IT Modernization and DevOps News Week in Review
Underscoring a rapid shift in DevOps automation and IT Modernization, Cisco Systems released findings this week of a new survey in which IT Leaders reported that within two years more than two-thirds expect their approach to become either predictive (33%) or preemptive (33%). Indeed, 42% of respondents said they
expect artificial intelligence (AI) to have the biggest impact on their ability to automate. It’s little wonder as we look forward to re:Invent later this month that AWS continues to invest in infrastructure — from AI DevOps tool chains to AI at the edge — to support advanced AI.
- As 2019 predictions start pouring in, Forrester blogs that, “nearly 60% of North American enterprises now rely on public cloud platforms, five times the percentage that did just five years ago.” Given this growth trajectory, Forrester projects that 2019 will bring rapid enterprise cloud spending as core business app modernization takes off; a hastening of private cloud adoption and spending, along three distinct paths; and the emergence of true SaaS-based connected cloud ecosystems that will turbocharge innovation.
- Seeing some of these predictions themselves, Cisco announced that it plans to offer a hybrid system to run Kubernetes on Amazon Web Services, streamlining the deployment of apps across multiple clouds. The joint effort configures on-premises Kubernetes environments to be consistent with Amazon EKS.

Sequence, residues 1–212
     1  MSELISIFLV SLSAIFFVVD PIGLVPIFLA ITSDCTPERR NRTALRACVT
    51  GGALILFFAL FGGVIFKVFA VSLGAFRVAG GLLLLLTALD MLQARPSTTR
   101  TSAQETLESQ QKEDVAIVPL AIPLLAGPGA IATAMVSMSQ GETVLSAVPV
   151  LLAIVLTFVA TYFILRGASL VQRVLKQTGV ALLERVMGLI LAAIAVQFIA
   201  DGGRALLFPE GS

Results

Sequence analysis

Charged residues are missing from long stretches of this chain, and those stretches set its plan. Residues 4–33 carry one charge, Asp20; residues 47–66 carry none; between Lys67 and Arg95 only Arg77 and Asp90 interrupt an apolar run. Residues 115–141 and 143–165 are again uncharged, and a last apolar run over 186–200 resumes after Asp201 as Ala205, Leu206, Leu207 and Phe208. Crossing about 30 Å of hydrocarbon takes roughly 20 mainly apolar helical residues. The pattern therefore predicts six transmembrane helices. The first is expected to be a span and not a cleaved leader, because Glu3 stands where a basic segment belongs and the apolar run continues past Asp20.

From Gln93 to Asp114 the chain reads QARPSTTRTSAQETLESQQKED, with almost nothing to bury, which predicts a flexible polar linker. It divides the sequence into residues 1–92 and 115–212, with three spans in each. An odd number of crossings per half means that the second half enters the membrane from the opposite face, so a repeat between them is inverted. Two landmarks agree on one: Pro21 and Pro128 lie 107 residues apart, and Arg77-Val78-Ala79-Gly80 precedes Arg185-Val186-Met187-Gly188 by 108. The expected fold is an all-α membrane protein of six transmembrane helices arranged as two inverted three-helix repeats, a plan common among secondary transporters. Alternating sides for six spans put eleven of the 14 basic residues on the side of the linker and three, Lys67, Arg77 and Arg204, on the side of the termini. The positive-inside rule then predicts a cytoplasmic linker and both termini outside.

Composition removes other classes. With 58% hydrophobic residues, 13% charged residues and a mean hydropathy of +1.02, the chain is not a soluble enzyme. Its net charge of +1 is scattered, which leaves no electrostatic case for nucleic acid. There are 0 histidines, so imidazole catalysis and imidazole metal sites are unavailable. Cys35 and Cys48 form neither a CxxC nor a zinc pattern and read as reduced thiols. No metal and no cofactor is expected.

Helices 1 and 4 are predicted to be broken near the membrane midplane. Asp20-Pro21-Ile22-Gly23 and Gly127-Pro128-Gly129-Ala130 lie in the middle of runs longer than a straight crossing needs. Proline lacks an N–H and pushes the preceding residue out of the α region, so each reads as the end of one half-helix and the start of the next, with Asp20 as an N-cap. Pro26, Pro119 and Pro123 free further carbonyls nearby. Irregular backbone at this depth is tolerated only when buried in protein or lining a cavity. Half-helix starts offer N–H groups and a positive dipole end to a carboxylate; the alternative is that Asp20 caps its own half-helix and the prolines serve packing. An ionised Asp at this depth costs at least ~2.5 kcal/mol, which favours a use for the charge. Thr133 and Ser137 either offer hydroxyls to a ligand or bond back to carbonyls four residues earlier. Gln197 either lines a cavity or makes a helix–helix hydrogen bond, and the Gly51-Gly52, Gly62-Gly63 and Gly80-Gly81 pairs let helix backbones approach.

- Our DevOps team enjoyed this blog by Jan Jörke on how to validate your Jenkinsfile from within VS Code. Creating or modifying Jenkinsfiles can be a tedious workflow when you make frequent changes to your Jenkinsfile, create a commit, push the commit and wait for your Jenkins Server to tell you, that you have missed a bracket. The Command-line Pipeline Linter does a great job of reducing the turnaround times when writing a Jenkinsfile and Jan walks readers through the process.
- Our DevOps team was interested in the announcement this past week that now operators can deploy a Dynatrace Managed cluster on AWS with the help of a new Quick Start. Dynatrace Managed is an all-in-one performance-monitoring solution. You can use a single platform to analyze application performance throughout your application’s full stack, down to each individual transaction across all layers and technologies. (For further reading on monitoring AWS, check out our AWS case studies.)
- Also new this week from AWS is the ability to create an approval workflow for AWS Service Catalog in ServiceNow. As we see more and more enterprises adopt ServiceNow, this additional functionality will grow the importance of AWS Service Catalog for many organizations. The AWS Service Catalog connector for ServiceNow allows AWS enterprise customers to securely provision compliant workloads using ServiceNow on AWS. Operators can create a custom catalog of products from AWS Marketplace, and use ServiceNow to provision these products, ensuring AWS architecture best practices.
- Lastly, the Amazon API Gateway added support for AWS WAF. Now operators can enable AWS WAF for APIs in Amazon API Gateway, making it easier to protect APIs against common web exploits. Our DevOps consulting team are frequent users of AWS WAF to protect web applications and APIs from attacks by configuring rules that allow, block, or monitor (count) web requests based on customizable rules and conditions.
- AWS Consulting Partner Flux7 announced this week Flux7 AWS Landing Zones for Enterprise DevOps. The new Flux7 Landing Zones on AWS can be used to launch an initial DevOps pilot project, to facilitate a mass AWS cloud migration, and to achieve Enterprise DevOps at Scale. Flux7 Landing Zone solutions build on AWS native services to deliver configuration-as-code, automated provisioning, infrastructure design and deployment guidance, and includes essential services and production accounts to enable organizations to quickly and securely adopt, implement and operate their AWS environments.